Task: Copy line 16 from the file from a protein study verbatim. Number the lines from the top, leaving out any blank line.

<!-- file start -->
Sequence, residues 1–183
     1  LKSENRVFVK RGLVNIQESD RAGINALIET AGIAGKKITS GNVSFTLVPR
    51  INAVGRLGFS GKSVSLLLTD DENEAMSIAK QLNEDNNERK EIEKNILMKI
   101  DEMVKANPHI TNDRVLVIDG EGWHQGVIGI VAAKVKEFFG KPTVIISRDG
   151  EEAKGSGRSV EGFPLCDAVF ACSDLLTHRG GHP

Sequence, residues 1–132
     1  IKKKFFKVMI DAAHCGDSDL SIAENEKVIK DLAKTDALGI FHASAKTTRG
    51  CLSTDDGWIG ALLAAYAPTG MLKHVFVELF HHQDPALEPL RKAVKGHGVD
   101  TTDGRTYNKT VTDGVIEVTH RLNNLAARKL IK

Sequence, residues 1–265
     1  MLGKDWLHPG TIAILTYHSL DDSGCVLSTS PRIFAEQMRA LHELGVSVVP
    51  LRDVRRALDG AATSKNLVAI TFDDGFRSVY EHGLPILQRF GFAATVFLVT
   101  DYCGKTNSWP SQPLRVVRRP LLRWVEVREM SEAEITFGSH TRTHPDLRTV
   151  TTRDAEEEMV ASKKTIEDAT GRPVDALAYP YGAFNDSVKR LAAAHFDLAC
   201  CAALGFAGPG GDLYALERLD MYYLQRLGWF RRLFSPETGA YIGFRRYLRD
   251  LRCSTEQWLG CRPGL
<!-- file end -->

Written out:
   251  LRCSTEQWLG CRPGL